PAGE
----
3 UX Research Tips from a Product Designer Founder

Unlock the secrets to impactful product development through our expert UX research tips. Dive into the necessity of early user research, the art of observation, and the value of candid feedback to refine your product's design and functionality. A must-read for designers and developers aiming to create user-centric solutions.

3 UX Research Tips from a Product Designer Founder

I was pleasantly surprised to see my last post, The Pitfalls of Subjectivity in Startup Founding Teams, resonate with y’ all, and I am happy to continue sharing these bite-sized tips! Let's dive deeper into how to avoid bad form and expand on best practices during product development.

User research isn’t a one-way Slack message to your users saying, “Hey, we just dropped this feature! Got any feedback?”. If that’s how you’re gathering customer feedback, it’s a guaranteed way to get led astray, wasting your time and runway.

User research involves just a few steps, but it takes discipline and rigor to get it right. It starts with neutrally giving a user a prompt, observing their behaviors, and asking objective, open-ended questions. It ends with you mapping solutions to the problems you observed and then repeating the process!

Background: When to Conduct User Research

In product development, you should conduct user research before you ship and not just after. If you only research after you ship the product, you’ll be blocked by engineering and learning about your customer

An ounce of pre-building research is worth a pound of post-building feedback. Catching usability problems can save you countless engineering cycles spent building the wrong thing or the wrong way.

For example, your designs may group data in a way that users need clarification. If you don’t catch this before you start coding, your wrong assumptions may impact your app’s UI, your APIs, and how you model the data in your database. Now, of course, correcting what the user expects will require paying down technical debt.

So, how do you conduct user research before you’ve built a working product?

1. Prototype, Observe, and Interpret User Behavior

Ask your users to take on specific tasks within your prototype. You can spend time presenting an engineered app or whip one up with your designer in Figma in half the time and protect the runway. You will save your engineers' time by not having them design while engineering. Observe how they behave, paying close attention to micro-expressions—like forehead touching, cursor hesitancy, retinal vibration, or sighs of frustration.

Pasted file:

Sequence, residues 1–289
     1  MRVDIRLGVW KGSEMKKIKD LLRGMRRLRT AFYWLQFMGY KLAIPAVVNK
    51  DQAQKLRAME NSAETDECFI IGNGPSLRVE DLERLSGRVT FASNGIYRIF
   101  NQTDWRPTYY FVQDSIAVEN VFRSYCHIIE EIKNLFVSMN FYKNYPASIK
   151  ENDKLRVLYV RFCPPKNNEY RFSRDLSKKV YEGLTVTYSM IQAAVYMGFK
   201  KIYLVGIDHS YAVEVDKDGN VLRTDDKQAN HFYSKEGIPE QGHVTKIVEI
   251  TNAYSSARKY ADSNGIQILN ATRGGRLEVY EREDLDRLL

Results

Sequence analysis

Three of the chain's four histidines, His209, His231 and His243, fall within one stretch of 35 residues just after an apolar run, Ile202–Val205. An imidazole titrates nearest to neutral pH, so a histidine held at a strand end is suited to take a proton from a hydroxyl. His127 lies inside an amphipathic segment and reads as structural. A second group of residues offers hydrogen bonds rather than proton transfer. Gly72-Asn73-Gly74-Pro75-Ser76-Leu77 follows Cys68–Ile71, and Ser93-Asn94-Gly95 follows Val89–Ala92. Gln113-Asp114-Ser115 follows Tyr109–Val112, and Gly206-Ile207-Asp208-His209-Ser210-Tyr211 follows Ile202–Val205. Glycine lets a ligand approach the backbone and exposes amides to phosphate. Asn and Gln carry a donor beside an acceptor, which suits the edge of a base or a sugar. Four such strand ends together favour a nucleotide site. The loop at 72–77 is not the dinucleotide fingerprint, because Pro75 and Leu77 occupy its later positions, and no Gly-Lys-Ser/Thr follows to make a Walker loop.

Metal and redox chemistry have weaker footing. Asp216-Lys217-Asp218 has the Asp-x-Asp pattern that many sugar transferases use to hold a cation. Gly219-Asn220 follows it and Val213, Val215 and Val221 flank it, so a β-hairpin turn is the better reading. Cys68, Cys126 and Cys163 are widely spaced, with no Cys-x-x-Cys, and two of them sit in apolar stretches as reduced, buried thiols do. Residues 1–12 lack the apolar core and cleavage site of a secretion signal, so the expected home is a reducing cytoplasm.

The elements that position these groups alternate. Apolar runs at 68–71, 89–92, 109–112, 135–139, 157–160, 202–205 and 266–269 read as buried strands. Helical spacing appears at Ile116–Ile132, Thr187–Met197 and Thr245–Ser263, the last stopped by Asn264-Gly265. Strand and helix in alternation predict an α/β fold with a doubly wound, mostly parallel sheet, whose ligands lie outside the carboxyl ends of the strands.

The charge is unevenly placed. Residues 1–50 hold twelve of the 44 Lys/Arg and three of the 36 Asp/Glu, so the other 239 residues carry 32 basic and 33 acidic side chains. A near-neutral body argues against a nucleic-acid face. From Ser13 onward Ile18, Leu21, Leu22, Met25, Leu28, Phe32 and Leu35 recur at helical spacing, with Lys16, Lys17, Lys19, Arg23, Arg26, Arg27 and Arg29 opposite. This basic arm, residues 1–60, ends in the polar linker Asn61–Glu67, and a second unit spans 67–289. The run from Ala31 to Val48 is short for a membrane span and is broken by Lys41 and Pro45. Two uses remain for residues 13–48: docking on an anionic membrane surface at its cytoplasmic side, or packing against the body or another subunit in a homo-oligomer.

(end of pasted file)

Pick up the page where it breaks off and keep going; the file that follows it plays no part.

Staying neutral through this process goes beyond hiding your excitement. It means not giving any hints. They might turn to you and ask, “How do I do X? ”To which you’ll have to reply neutrally, “How might you do X?” and tell them you’re just here to observe.

2. Asking Open Ended Questions

At the end of them completing the prompt(s), ask them open-ended questions like:

• In what ways would you change your experience if you had a magic

• Was there anything you expected to find in your experience that you didn't?

• What was frustrating about your experience?

3. Encouraging Candid Feedback from Users

You’ll need to encourage your users to feel comfortable sharing critical feedback, knee-jerk reactions, or anything else on their minds.

Typically, people will shy away from hurting your feelings. You must set the stage and make them comfortable to be candid. Mentioning early and often that their candid feedback will help the product development will make them feel valued.

Generate “How Might We’s” (HMW’s) from these insights. How Might We’s questions guide the solutions you develop to the problems you identified during your observation? Prioritize each of the solutions by impact and difficulty. If these solutions don’t gel with your product roadmap, you don’t know your customer as well as you thought you did!

It’s a sign that you need to talk to your customers more. It’s only when you can start repeatedly anticipating what people will say or do during your research that you’re ready to iterate using the research you conducted

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